The Financial Times writes "US companies transformed into 800lb gorilla in bond market." The article, subtitled, "Corporate America is ploughing its excess cash into a wider range of assets," explains, "Apple, Alphabet and Microsoft are among a host of top-tier US companies that have become a force in the global bond market, as they pump hundreds of billions of dollars into government and corporate debt. Thirty US companies together have more than $800bn of fixed-income investments, according to a Financial Times analysis of their most recent filings with the US Securities and Exchange Commission. Their holdings of Treasuries, corporate, agency and municipal debt, as well as asset- and mortgage-backed securities, means they collectively have more firepower in debt and credit markets than high-profile asset managers including AllianceBernstein, Invesco and Franklin Templeton. "They are asset managers in their own right," Ramaswamy Variankaval, head of JPMorgan's corporate finance advisory group, said of the companies. A reluctance by American multi-nationals to repatriate profits generated overseas has pushed the size of the US corporate cash piles to more than $2tn, a rise of 50 per cent over the past decade and more than double the levels at the turn of the century, according to the Federal Reserve. The emergence of US companies as a leading investor in corporate debt alongside traditional asset managers comes at a time many in the market express concern about a bond market bubble that could be vulnerable to bursting should inflation and economic growth accelerate.... In total, the 30 companies, which include venerable household names like Ford, Coca-Cola and Boeing, have more than $1.2tn in cash, cash equivalents, marketable securities and investments, according to the FT analysis. While corporate treasurers typically first turn to a deposit in a commercial bank account or an investment in short-term money market funds and time deposits, they are increasingly extending beyond that sector as interest rates have remained near zero for much of the past decade. The 30 companies have amassed a portfolio of more than $400bn of US corporate bonds, representing nearly 5 percent of the outstanding market.... The willingness to invest in a wider array of fixed-income instruments is also partly a legacy of the financial crisis, when runs on ultra-safe money market funds forced corporate treasurers to pay more attention to how they invest their cash. "They [the companies] recognise that with all these changes in the marketplace -- money market reform, low rates, the evolution of credit risk -- they realise the world is more sophisticated than it was 10 years ago and they can't simply put money into a money-market account," said Jerome Schneider, head of Pimco's short-term and funding desk."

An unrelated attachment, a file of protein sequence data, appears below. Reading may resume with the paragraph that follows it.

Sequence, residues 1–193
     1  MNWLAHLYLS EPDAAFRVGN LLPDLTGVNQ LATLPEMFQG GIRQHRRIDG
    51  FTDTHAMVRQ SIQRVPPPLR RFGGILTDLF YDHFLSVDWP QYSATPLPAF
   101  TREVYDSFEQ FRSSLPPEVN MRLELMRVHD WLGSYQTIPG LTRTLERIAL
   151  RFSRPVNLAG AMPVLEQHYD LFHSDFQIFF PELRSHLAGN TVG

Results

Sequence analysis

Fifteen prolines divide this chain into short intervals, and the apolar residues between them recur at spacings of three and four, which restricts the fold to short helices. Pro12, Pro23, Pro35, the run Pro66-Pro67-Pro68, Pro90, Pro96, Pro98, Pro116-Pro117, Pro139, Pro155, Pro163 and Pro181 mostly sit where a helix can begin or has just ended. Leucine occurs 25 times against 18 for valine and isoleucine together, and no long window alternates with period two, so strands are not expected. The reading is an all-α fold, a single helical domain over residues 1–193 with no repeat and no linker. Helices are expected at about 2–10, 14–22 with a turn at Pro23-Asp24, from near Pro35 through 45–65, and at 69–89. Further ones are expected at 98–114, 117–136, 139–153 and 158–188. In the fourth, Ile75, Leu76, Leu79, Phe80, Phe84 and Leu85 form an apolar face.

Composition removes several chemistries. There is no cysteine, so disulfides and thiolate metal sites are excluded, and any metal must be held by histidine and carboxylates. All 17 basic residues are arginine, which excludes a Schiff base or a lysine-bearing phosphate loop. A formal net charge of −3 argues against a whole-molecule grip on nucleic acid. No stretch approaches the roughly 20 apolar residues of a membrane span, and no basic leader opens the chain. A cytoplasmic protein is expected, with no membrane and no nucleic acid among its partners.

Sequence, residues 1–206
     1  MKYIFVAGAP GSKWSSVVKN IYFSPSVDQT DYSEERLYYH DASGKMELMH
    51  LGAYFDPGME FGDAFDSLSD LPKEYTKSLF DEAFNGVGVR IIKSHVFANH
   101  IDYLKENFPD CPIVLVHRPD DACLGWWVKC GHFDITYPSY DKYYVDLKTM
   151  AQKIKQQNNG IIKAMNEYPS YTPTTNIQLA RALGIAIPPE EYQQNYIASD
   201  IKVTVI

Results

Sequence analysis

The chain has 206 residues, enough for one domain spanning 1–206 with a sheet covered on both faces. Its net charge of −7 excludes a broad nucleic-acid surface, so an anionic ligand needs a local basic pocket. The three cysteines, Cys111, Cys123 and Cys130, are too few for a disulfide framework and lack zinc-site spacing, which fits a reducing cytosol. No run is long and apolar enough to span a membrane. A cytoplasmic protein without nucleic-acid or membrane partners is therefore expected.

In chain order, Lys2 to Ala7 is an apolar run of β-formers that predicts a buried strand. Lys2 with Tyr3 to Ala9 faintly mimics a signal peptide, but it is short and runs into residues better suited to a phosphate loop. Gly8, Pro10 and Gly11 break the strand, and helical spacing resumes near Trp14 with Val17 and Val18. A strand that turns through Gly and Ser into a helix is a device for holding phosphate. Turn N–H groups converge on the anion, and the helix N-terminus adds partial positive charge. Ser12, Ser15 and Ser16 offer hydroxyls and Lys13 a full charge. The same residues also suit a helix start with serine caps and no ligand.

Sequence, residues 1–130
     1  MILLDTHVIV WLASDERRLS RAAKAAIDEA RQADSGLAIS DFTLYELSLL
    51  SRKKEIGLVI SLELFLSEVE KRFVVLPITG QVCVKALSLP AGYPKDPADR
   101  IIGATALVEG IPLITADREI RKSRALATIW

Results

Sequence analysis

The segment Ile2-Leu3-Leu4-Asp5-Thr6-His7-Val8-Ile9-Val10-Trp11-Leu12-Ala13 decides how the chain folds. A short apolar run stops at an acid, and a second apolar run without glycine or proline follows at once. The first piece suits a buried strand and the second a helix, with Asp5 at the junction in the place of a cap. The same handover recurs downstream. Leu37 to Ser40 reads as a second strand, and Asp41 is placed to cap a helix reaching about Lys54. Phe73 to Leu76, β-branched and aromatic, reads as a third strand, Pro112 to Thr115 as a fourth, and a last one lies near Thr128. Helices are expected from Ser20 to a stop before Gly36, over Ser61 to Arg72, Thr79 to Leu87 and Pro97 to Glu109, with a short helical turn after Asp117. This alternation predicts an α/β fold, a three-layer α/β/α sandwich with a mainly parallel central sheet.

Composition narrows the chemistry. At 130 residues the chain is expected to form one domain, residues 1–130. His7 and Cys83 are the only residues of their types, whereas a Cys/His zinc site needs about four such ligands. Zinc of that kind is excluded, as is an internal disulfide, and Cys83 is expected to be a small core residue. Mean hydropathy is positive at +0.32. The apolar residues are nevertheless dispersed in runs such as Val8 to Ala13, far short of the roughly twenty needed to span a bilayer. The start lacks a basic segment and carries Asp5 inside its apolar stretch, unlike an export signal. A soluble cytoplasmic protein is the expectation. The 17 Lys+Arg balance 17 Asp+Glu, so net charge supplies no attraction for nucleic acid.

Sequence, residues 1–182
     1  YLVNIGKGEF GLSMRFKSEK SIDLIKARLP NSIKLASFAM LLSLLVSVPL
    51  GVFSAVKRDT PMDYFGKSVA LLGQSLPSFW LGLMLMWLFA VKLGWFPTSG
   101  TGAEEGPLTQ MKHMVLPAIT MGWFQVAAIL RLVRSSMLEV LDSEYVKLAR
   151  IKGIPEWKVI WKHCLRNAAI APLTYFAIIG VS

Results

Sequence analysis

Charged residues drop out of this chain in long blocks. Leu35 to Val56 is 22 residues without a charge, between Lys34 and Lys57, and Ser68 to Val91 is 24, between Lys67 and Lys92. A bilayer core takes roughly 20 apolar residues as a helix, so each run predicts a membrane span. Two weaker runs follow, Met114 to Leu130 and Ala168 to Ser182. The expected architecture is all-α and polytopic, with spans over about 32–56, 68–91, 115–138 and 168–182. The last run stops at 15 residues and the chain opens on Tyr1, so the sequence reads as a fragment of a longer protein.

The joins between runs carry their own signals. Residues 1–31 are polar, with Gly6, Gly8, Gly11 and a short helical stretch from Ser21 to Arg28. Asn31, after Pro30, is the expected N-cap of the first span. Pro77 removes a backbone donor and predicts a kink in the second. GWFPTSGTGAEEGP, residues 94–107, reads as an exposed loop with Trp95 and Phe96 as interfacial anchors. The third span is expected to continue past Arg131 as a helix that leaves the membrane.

Money market mutual fund distributors and corporate cash managers are making preparations for `AFP 2017, the Association for Financial Professionals' gathering of Treasury Managers, which takes place this year in San Diego, Oct. 15-17. Sessions involving money funds and cash investing include: Perspectives on Liquidity Investing, which features Scott Wachs from Morgan Stanley, Kimberly Kelly-Lippert from American Honda Motor Company, Chris Ginieczki from NVIDIA Corporation, and Karen Mercer from AARP. Its description says, "Post-SEC money market fund reform, institutional cash investors have encountered challenges in investing and diversifying their cash holdings in the short-term space. Join this expert panel as they provide a background on market dynamics and share their perspectives on liquidity investing and provide best practices to support your investment practices, manage changes in market liquidity, select the right investment products and cope with a volatile regulatory environment." Another session is entitled, "Disruption: Turning Change into Opportunity in Liquidity Management Practices," which features Jason Granet of Goldman Sachs Asset Management, Geoffrey Nolan of Qualcomm, and Rene Bustamante of FedEx Corporation. A third session, "Trapped Cash and Other Pitfalls of Managing Global Balances," involves Tom Wolfe from Marriott Vacations Worldwide Corporation, Sanford Pallotta from Rockefeller Group International, Inc., and Josh Ormond from J.P.Morgan. Yet another session, "When Cash Comes at a Cost: Efficient Methods for Managing Global Cash in Today's Regulatory Regime," includes: Geoffrey Nolan of Qualcomm, Jamie Cortas of Dell, and Beccy Milchem of BlackRock. Finally, the last cash session, "The Return of Returns: Transforming your Investment Strategy for a Nonzero Interest-Rate World," features Dana Laidhold of The Carlyle Group, Zeke Loretto of eBay Inc., and Garret Sloan of Wells Fargo Securities, LLC. The description says, "Since 2008, the decision to "sit in cash" has had little impact on the performance of treasury portfolios. But the long, cold winter of zero interest rates has begun to thaw. To capitalize on these changes, treasury teams need to: 1) develop a new investment strategy for a shifting interest-rate environment, 2) have a clear picture of the company's liquidity position, and 3) communicate investment strategies effectively with senior leaders. Hear from the treasurer of The Carlyle Group and eBay's head of global investments as they discuss developing their post-2008 investment policies and strategies, optimizing the treasury investment function for a non-ZIRP world, and best practices for building world-class treasury investment programs." We hope to see you in San Diego, and please stop by Crane Data's booth (#1101) if you're at the show!